The independent news organization of Duke University

Bylaw change delays decision

A year after Corey Maggette admitted to accepting $2,000 from former Amateur Athletic Union coach Myron Piggie, Piggie sits in prison, serving a 37-month sentence, Maggette remains in the NBA and Duke remains unpenalized for using an ineligible player.

It remains unclear when or even whether Duke will receive any penalty.

Legislation adopted by the NCAA's Division I Board of Directors April 25--three weeks after Duke's men's basketball team won a national championship--transferred control over the case from the Championships and Competition Cabinet to the Committee on Infractions and made it possible for the infractions committee to choose not to punish Duke at all.

Associate Director of Athletics Chris Kennedy, who is in charge of NCAA compliance for Duke, said that the change has left the Maggette allegations unresolved and he did not know what the committee would do. The committee, which gathers eight times a year, may discuss the issue when it next meets Aug. 10.

"In the past, any situation where an ineligible player was used [came under the] purview of the Championships Cabinet," Kennedy said. "The [infractions] committee will now deal with it. We've been waiting.... We would all rather deal with the infractions committee."

Last summer, after Maggette's admission, Duke seemed likely to be penalized in some way. Possible penalties included revoking 45 percent of Duke's 1999 NCAA championship game profits--which would total over $220,000--and the school's runner-up banner. Now, the infractions committee can simply fine the team, rather than pursue the complicated process of reclaiming a school's tournament revenue.

Jack Friedenthal, dean of the George Washington University Law School and chair of the infractions committee, said that the push to change the process came from the Championships and Competition Cabinet. He said that, in the past, forcing a school to return a share of its profits also hurt the conference, which received a share of the profits as well.

"The Championships Cabinet wanted nothing to do with it," he said. "[So they gave] the Committee on Infractions the power to make sure the committee can impose monetary fines simply on the school, so that you don't have to worry about taking away the money [the conference] might have earned. You get at it through the back door. You level a fine."

David Thompson, assistant commissioner of the Atlantic Coast Conference, said that while the legislation might help absolve conferences from the penalty leveled at individual schools, there is no way to tell how the infractions committee might handle a situation because there are not yet any precedents. The committee has yet to signal how harsh its fines might be and the legislation offers no clues.

"I know when the legislation passed, one of the Management Council members from our conference expressed concern that the legislation as written... did not give any guidance or guidelines as to how much of a penalty they could assign or how little," Thompson said.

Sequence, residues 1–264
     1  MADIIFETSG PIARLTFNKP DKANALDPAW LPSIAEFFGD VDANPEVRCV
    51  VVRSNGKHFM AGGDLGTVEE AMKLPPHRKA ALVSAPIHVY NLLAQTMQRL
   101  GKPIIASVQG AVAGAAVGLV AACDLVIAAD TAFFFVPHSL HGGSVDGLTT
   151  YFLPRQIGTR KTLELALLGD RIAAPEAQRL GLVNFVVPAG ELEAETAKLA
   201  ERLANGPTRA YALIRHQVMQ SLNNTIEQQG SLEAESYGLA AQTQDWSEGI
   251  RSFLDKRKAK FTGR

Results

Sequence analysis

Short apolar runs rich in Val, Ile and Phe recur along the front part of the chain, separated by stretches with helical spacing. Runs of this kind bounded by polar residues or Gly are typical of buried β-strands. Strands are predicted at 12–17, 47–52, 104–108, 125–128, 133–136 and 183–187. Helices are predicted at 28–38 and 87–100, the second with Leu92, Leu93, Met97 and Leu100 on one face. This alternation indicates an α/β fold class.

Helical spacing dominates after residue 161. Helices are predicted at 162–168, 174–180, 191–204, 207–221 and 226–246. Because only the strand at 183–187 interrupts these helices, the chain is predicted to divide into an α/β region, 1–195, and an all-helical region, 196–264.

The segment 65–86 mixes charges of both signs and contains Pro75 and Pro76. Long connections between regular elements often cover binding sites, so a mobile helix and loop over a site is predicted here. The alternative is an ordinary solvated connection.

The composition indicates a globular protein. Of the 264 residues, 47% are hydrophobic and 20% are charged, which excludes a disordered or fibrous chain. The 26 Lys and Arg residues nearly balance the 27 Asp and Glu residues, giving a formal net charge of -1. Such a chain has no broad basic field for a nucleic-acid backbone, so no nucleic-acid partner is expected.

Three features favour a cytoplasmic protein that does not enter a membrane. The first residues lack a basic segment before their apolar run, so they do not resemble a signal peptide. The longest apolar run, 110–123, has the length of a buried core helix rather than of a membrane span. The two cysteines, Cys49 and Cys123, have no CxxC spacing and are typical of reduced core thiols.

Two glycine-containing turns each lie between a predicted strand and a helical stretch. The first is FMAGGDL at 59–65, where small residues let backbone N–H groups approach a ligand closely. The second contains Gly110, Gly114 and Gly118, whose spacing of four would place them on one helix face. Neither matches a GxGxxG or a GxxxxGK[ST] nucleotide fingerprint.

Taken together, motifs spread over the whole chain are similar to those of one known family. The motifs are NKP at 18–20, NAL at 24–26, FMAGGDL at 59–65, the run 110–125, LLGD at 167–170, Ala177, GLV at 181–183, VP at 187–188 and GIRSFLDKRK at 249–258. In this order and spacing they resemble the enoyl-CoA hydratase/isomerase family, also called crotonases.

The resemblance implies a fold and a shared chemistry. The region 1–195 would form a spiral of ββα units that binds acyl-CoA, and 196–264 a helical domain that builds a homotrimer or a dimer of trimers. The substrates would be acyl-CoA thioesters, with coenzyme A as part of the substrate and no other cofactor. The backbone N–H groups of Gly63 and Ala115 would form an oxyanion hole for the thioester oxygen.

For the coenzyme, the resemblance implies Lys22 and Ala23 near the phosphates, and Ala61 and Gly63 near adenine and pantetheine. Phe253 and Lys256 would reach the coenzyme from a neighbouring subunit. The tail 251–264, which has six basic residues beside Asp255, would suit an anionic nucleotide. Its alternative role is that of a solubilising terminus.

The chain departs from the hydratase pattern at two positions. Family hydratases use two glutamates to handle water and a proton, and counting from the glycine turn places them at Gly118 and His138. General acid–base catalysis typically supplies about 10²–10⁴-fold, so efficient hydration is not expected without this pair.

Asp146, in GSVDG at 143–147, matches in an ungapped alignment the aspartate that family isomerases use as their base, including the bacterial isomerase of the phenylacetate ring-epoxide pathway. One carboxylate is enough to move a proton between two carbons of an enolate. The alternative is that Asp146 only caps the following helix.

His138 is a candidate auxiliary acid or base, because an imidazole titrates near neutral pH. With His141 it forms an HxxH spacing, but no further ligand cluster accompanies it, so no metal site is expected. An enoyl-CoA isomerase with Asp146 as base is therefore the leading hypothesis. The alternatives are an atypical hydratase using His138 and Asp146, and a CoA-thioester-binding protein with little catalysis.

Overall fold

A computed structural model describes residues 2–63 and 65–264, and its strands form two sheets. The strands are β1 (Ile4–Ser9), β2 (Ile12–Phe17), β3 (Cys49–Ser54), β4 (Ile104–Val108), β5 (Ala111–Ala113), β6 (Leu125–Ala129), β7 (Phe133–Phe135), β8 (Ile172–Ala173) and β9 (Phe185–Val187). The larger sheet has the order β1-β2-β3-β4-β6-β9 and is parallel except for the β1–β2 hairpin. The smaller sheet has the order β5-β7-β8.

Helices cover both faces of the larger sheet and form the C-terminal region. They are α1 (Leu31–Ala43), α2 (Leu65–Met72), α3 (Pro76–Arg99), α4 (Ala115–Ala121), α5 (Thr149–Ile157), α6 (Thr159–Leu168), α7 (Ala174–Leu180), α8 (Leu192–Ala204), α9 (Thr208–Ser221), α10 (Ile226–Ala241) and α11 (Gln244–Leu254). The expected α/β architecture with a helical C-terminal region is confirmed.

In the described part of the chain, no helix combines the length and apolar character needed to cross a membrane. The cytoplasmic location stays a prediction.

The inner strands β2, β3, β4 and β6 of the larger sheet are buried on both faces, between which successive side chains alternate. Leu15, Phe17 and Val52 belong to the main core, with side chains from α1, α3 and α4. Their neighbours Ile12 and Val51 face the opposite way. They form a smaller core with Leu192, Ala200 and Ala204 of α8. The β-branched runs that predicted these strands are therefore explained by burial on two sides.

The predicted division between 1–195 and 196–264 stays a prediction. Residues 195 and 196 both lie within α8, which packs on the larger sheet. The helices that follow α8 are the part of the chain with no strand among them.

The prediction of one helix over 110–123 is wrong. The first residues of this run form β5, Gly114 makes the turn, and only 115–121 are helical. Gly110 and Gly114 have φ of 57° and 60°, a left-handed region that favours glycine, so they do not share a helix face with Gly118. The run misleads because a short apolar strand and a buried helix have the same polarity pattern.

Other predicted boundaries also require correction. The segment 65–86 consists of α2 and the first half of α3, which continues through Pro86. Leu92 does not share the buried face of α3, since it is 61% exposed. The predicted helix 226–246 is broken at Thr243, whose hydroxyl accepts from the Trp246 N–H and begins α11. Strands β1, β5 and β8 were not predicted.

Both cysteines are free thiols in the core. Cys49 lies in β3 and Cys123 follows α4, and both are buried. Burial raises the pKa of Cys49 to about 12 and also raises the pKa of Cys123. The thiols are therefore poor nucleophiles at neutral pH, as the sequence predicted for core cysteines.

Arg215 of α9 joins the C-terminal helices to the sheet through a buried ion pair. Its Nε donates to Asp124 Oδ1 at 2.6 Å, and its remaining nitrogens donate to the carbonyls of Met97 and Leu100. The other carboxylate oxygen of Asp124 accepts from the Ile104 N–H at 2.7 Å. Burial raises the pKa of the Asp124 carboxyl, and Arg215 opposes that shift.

The legislation, which saw a 60-day override period end June 25, also changes section 31.2.2.4 of the NCAA bylaws. That section concerns championships and ineligible participation, specifically when a student-athlete competing in an NCAA championship is declared ineligible subsequent to the competition, such as Maggette was.

The legislation provides more leniency in the bylaws, which once mandated that the violator's contribution shall be stricken from the championships records, the team standings shall be adjusted accordingly and any awards involved shall be returned to the NCAA.

The legislation changes the language of the bylaws, replacing all the "shalls" with "mays."

For example, the bylaws now read, "the record of the team's performance may be deleted," rather than "shall be deleted."

"That was changed in April," said Jane Jankowski, a spokesperson for the NCAA. "The Committee on Infractions is putting together some [new] guidelines."

These guidelines for punishment may differ from those used when the Championships and Competition Cabinet required the University of California at Los Angeles to return funds in June 2000 after UCLA forward JaRon Rush, who left the school early, had been found ineligible after receiving $6,125 and a 1998 Chevrolet Blazer from Piggie.

Betsy Stephenson, associate athletic director at UCLA, said that the infractions committee would be better-suited to handle such cases as well.

"Before, the only real question the Championships and Competition Cabinet was dealing with was if the institution knew or should have known. Then [the penalty] was [either] 45 percent to 90 percent. Those aren't absolute, and every case is different."

UCLA reported the allegations to the NCAA, as did Duke when it found out there might have been irregularities with Maggette. Had UCLA known of Rush's ineligibility and played him anyway, 90 percent of its tournament proceeds could have been returned to the NCAA.

In the meantime, however, Duke's fate remains unresolved.

"We know it's before one of their committees and we're interested and awaiting," said John Burness, Duke's senior vice president for public affairs and government relations.

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